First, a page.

As the old saying goes, “slow and steady wins the race.” For one duo, that saying holds true.
KX News stopped alongside Highway 2 to meet a father and son on a quest to travel coast to coast by way of a bike.
Meet Shepherd Colver and his dad, James, gracefully traveling through the Peace Garden State.
“We’re crossing North Dakota right now. Planning to get into Minot here in a few hours,” James said.
To most, they look like regular bikers — and they are — only their sights are set a little further than a couple of mile ride.
“So, Shepherd and I are riding east. Riding over to New York,” James said.
Their journey began in Washington.
“In May of 2019 we started over in Anacortes, Washington, and started heading east from there,” he said.
James says his long-time love and experience in biking is what sparked the idea — only it wasn’t his idea.
“I had hung up my bike for a good 10 years and then one day when Shepherd here was 6 years old he was looking at some of the magazines and stuff that I was in,” James said. “And we were reading that and he started getting real excited and started talking about the idea of maybe riding with me sometime.”
So the two set out for the challenge.
“We started dealing with rain, we were dealing with high elevations and stuff and Shepherd just kept on going,” James said.
Shepherd, proving to be a cross country, young bike warrior, felt unstoppable.
“The stamina and grit that he demonstrated to me was, I mean it was pretty inspirational,” James said.
Until one day they hit a bump in the road.
“When we came down out of the Rocky Mountains into the Plains and eastern Montana, Shepherd started explaining to me that he was not feeling too good,” James said.
They stopped at a nearby hospital only to find out Shepherd was a Type-1 diabetic.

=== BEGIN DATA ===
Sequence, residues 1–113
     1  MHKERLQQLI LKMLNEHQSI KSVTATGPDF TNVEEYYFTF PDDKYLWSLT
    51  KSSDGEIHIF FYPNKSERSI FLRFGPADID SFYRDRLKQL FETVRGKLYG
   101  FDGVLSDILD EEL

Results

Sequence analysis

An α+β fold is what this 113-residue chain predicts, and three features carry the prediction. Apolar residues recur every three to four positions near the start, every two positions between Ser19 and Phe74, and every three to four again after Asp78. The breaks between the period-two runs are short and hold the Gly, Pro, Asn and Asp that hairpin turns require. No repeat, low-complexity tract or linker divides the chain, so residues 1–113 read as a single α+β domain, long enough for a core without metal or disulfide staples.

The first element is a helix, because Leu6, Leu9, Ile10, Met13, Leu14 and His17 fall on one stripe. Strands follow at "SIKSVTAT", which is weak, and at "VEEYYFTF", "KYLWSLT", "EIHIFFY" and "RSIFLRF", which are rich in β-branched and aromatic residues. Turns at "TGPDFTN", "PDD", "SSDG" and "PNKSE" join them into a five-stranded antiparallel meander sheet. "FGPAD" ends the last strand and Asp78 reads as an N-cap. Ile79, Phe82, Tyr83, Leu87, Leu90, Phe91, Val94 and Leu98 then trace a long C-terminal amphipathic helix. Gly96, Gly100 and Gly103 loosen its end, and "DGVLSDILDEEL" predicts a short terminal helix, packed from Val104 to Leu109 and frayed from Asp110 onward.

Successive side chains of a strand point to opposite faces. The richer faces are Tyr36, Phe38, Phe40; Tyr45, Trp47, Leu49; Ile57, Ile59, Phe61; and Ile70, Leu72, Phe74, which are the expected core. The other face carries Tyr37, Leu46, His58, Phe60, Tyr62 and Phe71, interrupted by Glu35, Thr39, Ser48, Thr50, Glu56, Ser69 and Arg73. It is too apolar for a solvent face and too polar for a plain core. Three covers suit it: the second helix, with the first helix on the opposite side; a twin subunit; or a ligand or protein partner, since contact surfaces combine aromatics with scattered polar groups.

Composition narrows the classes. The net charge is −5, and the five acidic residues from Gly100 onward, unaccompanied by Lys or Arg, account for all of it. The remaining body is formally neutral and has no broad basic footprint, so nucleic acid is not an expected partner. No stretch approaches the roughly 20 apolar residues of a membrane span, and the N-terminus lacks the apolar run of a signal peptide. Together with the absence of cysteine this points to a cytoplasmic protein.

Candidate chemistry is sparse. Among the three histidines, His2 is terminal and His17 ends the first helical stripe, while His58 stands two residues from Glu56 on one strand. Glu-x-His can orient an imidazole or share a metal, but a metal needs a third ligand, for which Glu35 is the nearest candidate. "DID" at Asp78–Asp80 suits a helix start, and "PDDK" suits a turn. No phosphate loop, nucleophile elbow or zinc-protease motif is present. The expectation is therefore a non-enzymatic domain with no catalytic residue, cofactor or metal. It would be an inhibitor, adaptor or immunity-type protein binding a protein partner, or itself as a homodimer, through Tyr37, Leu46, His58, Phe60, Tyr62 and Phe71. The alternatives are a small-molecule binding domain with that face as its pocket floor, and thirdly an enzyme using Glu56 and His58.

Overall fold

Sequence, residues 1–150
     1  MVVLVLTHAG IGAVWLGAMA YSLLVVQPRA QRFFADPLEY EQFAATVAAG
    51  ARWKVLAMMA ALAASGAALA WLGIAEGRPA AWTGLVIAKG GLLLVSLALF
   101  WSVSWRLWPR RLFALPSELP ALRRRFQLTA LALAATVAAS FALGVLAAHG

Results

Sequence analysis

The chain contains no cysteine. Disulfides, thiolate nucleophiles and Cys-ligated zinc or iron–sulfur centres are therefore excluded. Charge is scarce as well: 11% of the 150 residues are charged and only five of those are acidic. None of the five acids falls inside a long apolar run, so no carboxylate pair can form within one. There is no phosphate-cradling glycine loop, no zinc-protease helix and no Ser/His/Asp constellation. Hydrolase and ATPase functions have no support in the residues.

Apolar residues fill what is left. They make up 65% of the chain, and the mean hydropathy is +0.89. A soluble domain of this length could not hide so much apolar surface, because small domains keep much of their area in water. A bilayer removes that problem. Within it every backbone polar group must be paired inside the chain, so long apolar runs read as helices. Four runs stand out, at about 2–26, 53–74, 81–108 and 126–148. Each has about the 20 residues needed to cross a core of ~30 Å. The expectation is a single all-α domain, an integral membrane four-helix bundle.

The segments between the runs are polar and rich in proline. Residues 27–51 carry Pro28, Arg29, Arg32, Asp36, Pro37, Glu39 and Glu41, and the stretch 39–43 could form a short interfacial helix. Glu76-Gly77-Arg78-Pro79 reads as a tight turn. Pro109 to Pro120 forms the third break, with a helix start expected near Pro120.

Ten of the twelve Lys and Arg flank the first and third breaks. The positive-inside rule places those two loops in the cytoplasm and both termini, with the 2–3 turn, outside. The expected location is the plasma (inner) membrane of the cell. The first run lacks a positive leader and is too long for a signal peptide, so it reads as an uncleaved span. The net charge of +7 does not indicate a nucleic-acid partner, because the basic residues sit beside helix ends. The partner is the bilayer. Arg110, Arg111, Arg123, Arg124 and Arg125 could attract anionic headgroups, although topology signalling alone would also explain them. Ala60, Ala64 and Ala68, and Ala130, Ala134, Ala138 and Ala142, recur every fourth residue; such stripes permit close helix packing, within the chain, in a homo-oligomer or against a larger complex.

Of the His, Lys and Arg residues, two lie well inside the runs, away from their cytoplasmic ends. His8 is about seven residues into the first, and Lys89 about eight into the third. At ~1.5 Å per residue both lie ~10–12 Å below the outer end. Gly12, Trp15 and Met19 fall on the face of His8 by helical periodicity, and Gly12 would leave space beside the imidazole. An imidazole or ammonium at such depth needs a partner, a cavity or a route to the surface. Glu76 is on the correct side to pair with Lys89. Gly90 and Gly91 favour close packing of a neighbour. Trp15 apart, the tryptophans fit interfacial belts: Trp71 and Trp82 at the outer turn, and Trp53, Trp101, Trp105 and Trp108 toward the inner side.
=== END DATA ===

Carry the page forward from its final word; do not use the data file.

“We had no idea he was born with it and his symptoms started when we were on the tour,” James said.
The two decided to turn back to Washington until they could learn to manage Shepherd’s diagnosis, but in no way was this giving up.
“On the ride home on the train Shepherd was telling me that one day he’d really like to come back and finish what he started,” James said.
And two years later, he and his father did.
Now, all equipped with Shepherd’s insulin and other items stored away in their light load.
“It’s very nice to be doing this, finally getting back on the road. It’s very beautiful doing this and it’s definitely a great experience to at least try if you can,” Shepherd said.
Shepherd’s determination far outweighs any diagnosis or fatigue out on the road because if this 3,000-mile ride is completed…
“If we make it through and we can get through to the end, Shepherd will be the youngest kid to ever complete the Northern Tier Bicycle Trail, and also he’ll be the youngest Type-1 diabetic to cross the U.S. on his bike,” James said.
A feat the two will both be proud of for years to come.
James says the two have received tremendous support along the way from free rooming and board to free food.
He says they plan to be in New York by August and will explore the Statue of Liberty, one of Shepherd’s biggest goals.